July 23, 2014 SIGN IN | REGISTER
Roll Call

Disbursement Records Now Online

House Members’ office expenditures go online today, making it easier to dissect Representatives’ travel expenses, staff salaries and even their office supply budgets.

For decades, the House has released its statement of disbursement only in thick books printed every three months. The books detail how Members and committees spend their office budgets. Anyone who wanted to get that information had to go to the Capitol complex or order a copy through the Government Printing Office.

But starting at about noon today, the public will be able to access the information on House.gov. Three PDFs — each the equivalent of one SOD book — will be available, along with a glossary of terms and a frequently asked questions page. The PDFs will appear online at the same time the physical books are released, which is about two months after the quarter ends (today’s disbursements, for example, will show expenditures from July 1 to Sept. 30).

Last week, public interest groups were already preparing for the disbursement’s release, hoping that its online form would allow them to disseminate information more easily and quickly. The Sunlight Foundation, for example, plans to parcel out the SOD to its volunteers, who will use it to help build a useful database. At the very least, the nonprofit will develop a program to allow visitors to search information by a Member’s name or district, said spokeswoman Gabriela Schneider.

But the online release is still somewhat of a letdown for many groups: The PDFs will be searchable by keyword, but the information won’t be sortable or extractable. In essence, it will be almost identical to the unwieldy books — just online.

“It’s more like a baby step than a giant leap,” said Pete Sepp, spokesman for the National Taxpayers Union. “At least the general public won’t have to schlepp to the general repository to read the book. Beyond that, it will still be pretty difficult to discern patterns or analyze the data.”

Jeff Ventura, spokesman for House Chief Administrative Officer Dan Beard, said the House doesn’t have any plans to put the information into a more accessible and searchable form. But if there’s a “huge demand” in the future, he said, the chamber may reconsider.

“We’d be disrupting a process that currently exists,” he said, “and we’re very hesitant to mess with that.”

Transparency proponents have been pressuring Congress to put disbursements online for years, but neither the House nor the Senate was inclined to acquiesce. Details on how Member offices spend taxpayer money can be intrinsically controversial, and though the money has to be spent on official duties, Members are given some flexibility. For example, they can spend it on expensive gadgets or even luxury cars — all of which remain the property of the House. But earlier this year, both the House and the Senate pledged to make such information more accessible. Speaker Nancy Pelosi (D-Calif.) announced the House’s intention to put the expenditures online in June, while the Senate inserted a provision in the legislative branch spending bill requiring the chamber to put its disbursements in a “searchable, itemized” format.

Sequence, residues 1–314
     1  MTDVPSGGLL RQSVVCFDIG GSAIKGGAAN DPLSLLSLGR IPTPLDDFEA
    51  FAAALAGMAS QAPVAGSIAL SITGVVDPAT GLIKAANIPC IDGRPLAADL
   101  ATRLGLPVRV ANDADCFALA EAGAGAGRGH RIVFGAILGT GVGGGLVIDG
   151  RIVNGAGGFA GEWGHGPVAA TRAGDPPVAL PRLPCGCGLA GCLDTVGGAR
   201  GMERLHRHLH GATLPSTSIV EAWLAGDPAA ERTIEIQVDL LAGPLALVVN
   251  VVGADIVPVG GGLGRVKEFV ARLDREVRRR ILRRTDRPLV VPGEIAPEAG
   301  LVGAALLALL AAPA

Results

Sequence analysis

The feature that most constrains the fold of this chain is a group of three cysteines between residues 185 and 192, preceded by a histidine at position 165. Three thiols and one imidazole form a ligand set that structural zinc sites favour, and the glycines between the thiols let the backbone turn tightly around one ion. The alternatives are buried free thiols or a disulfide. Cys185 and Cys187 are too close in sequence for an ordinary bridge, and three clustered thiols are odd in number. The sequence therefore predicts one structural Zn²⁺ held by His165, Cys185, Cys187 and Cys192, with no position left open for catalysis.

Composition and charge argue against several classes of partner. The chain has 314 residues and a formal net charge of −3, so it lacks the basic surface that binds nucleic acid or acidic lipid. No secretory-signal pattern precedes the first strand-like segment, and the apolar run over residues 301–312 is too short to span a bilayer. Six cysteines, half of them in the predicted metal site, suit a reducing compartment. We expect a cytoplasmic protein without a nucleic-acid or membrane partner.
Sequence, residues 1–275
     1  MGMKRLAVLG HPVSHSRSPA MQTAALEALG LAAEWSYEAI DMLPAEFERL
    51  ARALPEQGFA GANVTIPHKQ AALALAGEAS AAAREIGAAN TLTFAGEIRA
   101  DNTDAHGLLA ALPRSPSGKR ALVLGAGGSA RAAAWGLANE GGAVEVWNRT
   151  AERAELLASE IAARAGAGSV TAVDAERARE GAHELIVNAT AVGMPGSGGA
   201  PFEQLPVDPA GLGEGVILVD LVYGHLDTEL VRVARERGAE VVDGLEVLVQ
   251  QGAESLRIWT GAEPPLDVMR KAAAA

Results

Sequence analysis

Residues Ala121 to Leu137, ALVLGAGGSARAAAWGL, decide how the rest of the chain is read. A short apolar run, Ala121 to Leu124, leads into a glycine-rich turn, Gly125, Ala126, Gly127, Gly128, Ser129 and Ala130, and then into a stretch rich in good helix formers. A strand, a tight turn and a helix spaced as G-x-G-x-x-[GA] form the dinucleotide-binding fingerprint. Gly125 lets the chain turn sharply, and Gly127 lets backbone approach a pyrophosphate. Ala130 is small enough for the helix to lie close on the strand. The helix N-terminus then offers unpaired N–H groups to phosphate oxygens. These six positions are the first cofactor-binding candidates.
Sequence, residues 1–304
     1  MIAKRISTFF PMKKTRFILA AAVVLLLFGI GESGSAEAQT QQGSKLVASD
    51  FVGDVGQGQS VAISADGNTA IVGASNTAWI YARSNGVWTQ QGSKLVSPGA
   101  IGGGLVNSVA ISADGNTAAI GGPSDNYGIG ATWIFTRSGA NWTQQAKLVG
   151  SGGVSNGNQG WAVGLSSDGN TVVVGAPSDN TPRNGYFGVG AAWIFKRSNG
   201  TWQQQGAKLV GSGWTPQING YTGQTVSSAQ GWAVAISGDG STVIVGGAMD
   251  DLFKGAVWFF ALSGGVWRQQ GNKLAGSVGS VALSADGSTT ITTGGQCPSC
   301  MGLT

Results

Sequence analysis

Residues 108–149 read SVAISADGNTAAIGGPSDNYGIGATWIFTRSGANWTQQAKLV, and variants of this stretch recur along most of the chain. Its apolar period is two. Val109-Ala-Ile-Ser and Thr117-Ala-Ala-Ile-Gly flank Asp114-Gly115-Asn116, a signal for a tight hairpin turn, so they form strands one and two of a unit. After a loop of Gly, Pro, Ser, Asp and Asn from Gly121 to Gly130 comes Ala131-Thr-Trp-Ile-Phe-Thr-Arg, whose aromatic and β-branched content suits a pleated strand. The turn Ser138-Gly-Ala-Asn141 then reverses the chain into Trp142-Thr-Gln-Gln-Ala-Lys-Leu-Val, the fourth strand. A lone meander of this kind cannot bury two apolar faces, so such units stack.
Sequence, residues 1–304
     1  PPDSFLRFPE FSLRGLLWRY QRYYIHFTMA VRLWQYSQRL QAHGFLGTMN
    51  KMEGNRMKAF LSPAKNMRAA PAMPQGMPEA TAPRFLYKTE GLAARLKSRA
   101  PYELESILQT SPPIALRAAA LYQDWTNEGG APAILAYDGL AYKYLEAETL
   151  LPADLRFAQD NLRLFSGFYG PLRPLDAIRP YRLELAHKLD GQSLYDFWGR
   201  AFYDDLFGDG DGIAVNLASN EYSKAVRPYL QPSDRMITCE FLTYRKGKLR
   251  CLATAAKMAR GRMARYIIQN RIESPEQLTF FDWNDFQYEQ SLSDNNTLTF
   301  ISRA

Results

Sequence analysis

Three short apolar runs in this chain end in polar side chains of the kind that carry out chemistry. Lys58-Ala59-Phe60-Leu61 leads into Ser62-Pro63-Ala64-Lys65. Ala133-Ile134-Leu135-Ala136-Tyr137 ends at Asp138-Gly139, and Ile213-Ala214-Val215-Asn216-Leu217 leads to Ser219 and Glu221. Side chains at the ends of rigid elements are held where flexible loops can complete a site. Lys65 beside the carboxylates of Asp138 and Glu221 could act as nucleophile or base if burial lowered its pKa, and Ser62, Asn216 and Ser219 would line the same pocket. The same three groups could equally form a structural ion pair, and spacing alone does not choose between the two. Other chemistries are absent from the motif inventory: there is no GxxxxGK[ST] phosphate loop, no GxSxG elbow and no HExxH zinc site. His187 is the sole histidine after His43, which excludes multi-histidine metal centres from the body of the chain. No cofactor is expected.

The Senate’s online debut, however, won’t be until 2011. House officials originally planned to put its SOD online by Aug. 31, but Beard delayed the rollout so officials could train and prepare Hill staffers, according to Ventura. Until now, he said, only financial staffers had to know the book’s jargon; once the books are online, offices may get more calls from constituents and reporters.

“Now, the constituent relations folks may get calls, the press secretaries may get calls,” Ventura said. “We had classes in the [House] Learning Center just telling people how to even read the book.”

That level of difficulty is a central complaint of transparency proponents, who argue that putting a copy of the books online is not enough. Jock Friedly, whose Web site LegiStorm.com offers staffers’ salary information in a searchable online format, said officials should assign unique numbers to each employee to make identification clearer. Right now, there’s no foolproof way to determine whether a “John Smith” who was an intern four years ago is the same “John Smith” who now works in another Member’s office. Instead, Friedly and his staff make educated guesses.

Still, he said the searchable PDFs will probably help him get salary information online more quickly. Employees, he said, now have to “rip apart” the physical books, scan them and send them off to a data entry contractor.

With the online PDFs, LegiStorm may be able to “semi-automate” the process, he said. That may save enough time to allow the company to start putting other expenses — such as official supplies and travel — on its Web site.

“This is a big step forward for the House, but it obviously is not nearly as helpful as it could be,” he said. “The most helpful way to provide the data would be to provide it in a more structured format like XML.”

Sepp agreed, calling the PDFs “nothing more than a snapshot of a document that you can try to look through with a keyword.” “The disclosure process is now somewhere between the Dark Ages and the Renaissance,” he said. “There’s some progress, but it’s still limited.”

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